Cuomo Dodges Astorino Questions by Hyping Potential GOP Challengers

(Photo: MANDEL NGAN/AFP/GettyImages)
Andrew Cuomo. (Photo: Mandel Ngan/Getty)

Gov. Andrew Cuomo today did his best to undermine his new Republican challenger, Westchester County Executive Rob Astorino, suggesting Mr. Astorino might not even win his own primary.

Even as Mr. Astorino appears likely to become the Republican nominee–the only other prominent candidate, Donald Trump, said he would only run unopposed–Mr. Cuomo nevertheless cast doubt on Mr. Astorino.

“I’ve seen the movie before. I’ve run for governor before, obviously. That’s how you become governor, to state the obvious,” he said this morning, speaking on The Capitol Pressroom radio show.

Mr. Cuomo then recalled his own 2010 governor’s race, which involved at one point three different Republican candidates: Suffolk County Executive Steve Levy, former Congressman Rick Lazio and Buffalo businessman Carl Paladino. Mr. Levy, a Democrat backed by some of the GOP establishment, ultimately failed to secure enough support to run in the Republican primary. Mr. Paladino, a conservative firebrand, proceeded to upset Mr. Lazio in a one-on-one match. Mr. Paladino was crushed by Mr. Cuomo in the general election.

Mr. Cuomo, who is known as a cunning political tactician, argued today that more surprises could easily emerge this year.

“And since I’ve seen the movie before, I remember first I was running against Rick Lazio. Then I was running against Steve Levy. Then I was running against Carl Paladino,” Mr. Cuomo said with a chuckle. “So I learned: Let them figure out who the Republican candidate is. Maybe it’s Mr. Donald Trump, who I heard says he’s running. And Maybe it’s Mr. Carl Paladino again. That would be a redux race, the Cuomo-Paladino 2, in a series. Or maybe it’s Mr. Astorino. So we’ll see who the Republican candidate winds up being.”

Mr. Cuomo also dismissed on a new poll out this morning, which found that his job approval rating is down to its lowest level since taking office, dropping 10 points since November–with his worst numbers upstate and in the suburbs, where Mr. Astorino is expected to be most competitive.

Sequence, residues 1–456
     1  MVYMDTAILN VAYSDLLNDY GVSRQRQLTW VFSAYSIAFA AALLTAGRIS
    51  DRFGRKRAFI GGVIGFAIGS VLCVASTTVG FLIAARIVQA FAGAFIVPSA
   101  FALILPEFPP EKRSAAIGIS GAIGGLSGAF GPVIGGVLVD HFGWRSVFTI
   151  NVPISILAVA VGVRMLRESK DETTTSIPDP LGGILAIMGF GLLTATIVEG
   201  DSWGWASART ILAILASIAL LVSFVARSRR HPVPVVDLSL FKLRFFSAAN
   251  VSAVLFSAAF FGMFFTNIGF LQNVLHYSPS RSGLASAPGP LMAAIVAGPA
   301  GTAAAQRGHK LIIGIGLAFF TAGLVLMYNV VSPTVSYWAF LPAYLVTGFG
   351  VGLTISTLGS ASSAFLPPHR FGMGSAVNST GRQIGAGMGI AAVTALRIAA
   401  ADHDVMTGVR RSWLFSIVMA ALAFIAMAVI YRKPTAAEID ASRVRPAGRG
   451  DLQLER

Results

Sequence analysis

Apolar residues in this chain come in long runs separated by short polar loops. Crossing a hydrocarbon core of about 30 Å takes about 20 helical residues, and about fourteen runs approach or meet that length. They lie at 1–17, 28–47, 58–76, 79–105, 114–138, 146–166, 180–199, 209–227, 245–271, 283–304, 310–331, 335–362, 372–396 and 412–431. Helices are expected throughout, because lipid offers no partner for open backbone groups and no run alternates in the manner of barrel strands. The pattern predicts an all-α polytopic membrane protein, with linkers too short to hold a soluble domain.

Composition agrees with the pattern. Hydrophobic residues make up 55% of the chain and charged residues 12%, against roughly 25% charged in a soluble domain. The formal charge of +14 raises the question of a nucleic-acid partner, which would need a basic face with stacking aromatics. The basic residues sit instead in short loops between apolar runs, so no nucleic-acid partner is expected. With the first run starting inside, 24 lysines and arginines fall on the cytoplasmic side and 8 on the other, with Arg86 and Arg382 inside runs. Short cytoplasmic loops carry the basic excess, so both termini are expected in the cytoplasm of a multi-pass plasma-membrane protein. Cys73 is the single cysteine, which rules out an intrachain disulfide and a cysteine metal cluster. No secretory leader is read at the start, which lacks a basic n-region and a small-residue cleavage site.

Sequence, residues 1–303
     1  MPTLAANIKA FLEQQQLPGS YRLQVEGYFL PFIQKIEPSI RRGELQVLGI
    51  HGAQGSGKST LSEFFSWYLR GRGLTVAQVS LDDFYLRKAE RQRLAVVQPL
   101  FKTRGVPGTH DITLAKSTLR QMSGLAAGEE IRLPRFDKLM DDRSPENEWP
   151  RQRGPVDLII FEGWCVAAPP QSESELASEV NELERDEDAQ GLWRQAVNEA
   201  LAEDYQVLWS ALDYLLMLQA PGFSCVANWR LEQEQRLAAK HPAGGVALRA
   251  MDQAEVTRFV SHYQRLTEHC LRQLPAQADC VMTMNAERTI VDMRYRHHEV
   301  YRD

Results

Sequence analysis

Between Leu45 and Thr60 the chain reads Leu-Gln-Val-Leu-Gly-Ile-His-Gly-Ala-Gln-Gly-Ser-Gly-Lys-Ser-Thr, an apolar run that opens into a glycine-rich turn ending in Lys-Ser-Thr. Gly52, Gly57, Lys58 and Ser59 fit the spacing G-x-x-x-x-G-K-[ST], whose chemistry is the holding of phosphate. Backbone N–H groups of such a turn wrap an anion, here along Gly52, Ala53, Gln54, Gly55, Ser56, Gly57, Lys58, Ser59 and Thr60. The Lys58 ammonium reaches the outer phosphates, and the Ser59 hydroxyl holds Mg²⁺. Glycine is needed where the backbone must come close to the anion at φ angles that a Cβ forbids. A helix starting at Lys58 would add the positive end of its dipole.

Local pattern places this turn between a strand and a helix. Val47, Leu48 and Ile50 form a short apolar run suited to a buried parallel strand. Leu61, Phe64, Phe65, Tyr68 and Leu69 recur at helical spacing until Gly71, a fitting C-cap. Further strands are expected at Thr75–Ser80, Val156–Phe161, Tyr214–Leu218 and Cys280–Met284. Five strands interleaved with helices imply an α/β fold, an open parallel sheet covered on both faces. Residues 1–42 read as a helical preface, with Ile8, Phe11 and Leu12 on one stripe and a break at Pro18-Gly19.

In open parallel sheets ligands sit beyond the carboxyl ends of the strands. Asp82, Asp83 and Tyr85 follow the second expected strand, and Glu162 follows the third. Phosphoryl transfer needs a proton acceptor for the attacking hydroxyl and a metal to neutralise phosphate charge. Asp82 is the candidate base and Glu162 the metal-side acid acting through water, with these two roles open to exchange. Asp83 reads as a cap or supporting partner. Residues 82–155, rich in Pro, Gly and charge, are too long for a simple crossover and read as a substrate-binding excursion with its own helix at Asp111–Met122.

“Let’s first find out who the candidate is. And second … all of these polls, the adage is, you know, they go up and they go down,” said the governor. “What has happened since November, I have no idea … Every other poll says everything we put in the State of the State and the budget–which is the only things that’s happened–these provisions are all overwhelmingly supported, right.”

He further defended his record on the economy, which Mr. Astorino has made clear he plans to challenge.

“Facts matter at the end of the day. And when it comes to jobs, for example: Is the economy great? No. But is the state doing better? Yes,” said Mr. Cuomo .He pointed to the state’s new jobless rate of 6.8 percent–the lowest level since 2008, as one example of the progress.

A spokeswoman for Mr. Astorino did not immediately respond to a request for comment. But at his campaign launch today, Mr. Astorino shrugged when asked whether Mr. Trump was serious about challenging him for the nomination.

“You’d have to ask Donald Trump that,” said Mr. Astorino. “Donald and I have had a good relationship … If he chooses not to run, I would ask for his support.” 

Additional reporting by Colin Campbell. (Disclosure: Donald Trump is the father in law of Jared Kushner, the owner of Observer Media Group.)

Cuomo Dodges Astorino Questions by Hyping Potential GOP Challengers